Resource Partitioning Within the Centrarchid Assemblage of the Atchafalaya River Floodway System, Louisiana, Based On Stomach Content and Stable Isotope Analyses

Monday, September 9, 2013
Governor's Hall I (trade show) (Statehouse Convention Center)
Brett A. Miller , School of Renewable Natural Resources, Louisiana State University, Baton Rouge, LA
Michael D. Kaller , School of Renewable Natural Resouces, Louisiana State University Agricultural Center, Baton Rouge, LA
William E. Kelso , School of Renewable Natural Resources, Louisiana State University Agricultural Center, Baton Rouge, LA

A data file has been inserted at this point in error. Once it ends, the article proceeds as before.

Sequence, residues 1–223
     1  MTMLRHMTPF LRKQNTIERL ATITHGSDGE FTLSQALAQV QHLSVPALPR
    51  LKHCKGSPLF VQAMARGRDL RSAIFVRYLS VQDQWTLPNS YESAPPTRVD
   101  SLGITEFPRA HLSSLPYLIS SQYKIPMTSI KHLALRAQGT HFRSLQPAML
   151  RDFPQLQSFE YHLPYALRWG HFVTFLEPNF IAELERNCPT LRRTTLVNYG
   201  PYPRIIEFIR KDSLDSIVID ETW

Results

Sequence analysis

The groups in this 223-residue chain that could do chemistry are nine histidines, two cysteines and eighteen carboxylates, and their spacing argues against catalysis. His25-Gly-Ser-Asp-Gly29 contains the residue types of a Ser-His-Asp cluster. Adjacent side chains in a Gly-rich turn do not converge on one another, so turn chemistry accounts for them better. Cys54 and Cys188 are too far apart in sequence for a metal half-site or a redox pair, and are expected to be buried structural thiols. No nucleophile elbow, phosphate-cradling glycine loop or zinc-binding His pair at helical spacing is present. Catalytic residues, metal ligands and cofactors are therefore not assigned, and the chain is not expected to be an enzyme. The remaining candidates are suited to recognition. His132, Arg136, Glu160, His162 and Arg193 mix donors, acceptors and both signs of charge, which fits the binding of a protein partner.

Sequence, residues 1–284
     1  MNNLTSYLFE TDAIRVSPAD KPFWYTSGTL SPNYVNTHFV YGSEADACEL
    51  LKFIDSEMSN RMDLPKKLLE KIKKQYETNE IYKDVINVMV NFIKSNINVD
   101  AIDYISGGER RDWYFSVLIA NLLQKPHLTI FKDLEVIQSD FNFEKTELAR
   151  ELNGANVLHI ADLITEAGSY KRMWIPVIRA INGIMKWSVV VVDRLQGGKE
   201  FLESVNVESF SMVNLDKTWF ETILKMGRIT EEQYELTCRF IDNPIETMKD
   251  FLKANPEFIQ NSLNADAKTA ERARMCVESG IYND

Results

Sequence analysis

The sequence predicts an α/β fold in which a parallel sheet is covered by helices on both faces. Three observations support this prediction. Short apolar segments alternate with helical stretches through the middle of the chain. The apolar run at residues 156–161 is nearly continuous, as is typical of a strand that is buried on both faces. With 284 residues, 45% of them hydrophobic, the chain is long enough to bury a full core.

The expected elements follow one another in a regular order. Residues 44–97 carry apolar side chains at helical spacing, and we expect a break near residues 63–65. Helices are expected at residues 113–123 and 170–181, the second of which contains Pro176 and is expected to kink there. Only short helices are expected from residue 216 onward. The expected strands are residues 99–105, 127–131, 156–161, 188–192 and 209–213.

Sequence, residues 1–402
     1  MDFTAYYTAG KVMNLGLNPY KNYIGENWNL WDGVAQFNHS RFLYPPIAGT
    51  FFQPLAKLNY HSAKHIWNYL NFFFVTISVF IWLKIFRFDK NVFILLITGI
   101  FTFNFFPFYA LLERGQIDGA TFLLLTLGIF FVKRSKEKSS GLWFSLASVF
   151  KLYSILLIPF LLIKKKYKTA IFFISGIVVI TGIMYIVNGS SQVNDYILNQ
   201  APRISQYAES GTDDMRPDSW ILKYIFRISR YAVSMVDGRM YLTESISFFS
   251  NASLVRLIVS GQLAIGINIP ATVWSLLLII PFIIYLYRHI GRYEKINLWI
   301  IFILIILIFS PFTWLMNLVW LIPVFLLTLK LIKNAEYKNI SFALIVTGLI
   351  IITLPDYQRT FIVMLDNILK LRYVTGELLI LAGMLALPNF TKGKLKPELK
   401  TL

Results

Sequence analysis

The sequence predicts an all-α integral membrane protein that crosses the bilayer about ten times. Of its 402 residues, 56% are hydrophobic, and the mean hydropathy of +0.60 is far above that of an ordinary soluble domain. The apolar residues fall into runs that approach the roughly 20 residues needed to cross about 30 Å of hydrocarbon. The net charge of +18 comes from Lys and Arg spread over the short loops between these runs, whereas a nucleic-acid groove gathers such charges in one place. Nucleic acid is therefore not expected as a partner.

The Atchafalaya River Basin, Louisiana supports a diverse centrarchid assemblage, characterized by abundant populations of largemouth bass Micropterus salmoides, black crappie Pomoxis nigromaculatus, warmouth Lepomis gulosus, bluegill Lepomis macrochirus, redspotted sunfish Lepomis miniatus, longear sunfish Lepomis megalotis and redear sunfish Lepomis microlophus. This dynamic floodplain ecosystem is comprised of a mosaic of macrohabitats, including natural bayous, shallow lakes, dead-end and open pipeline canals. We conducted an extensive feeding ecology study to determine the influence of these macrohabitats on foraging activity through stomach content and stable isotope analyses. We collected 2,036 centrarchids with electrofishing efforts in the summers of 2011 and 2012. Multivariate analyses of stable isotopes and principal component analysis of food items with subsequent general linear model analyses determined that species diet and trophic relationships were not significantly different among macrohabitats. However, the analyses revealed evidence of resource partitioning within the assemblage, as suggested by limited dietary overlap and significant differences in δ13C and δ15N values (p=0.0007). Index of relative importance values indicated specialization in prey preference for each species, suggesting a limited degree of competition between centrarchids. In summary, despite physicochemical differences among macrohabitats, these results suggest that prey selection was species specific and independent of macrohabitat type.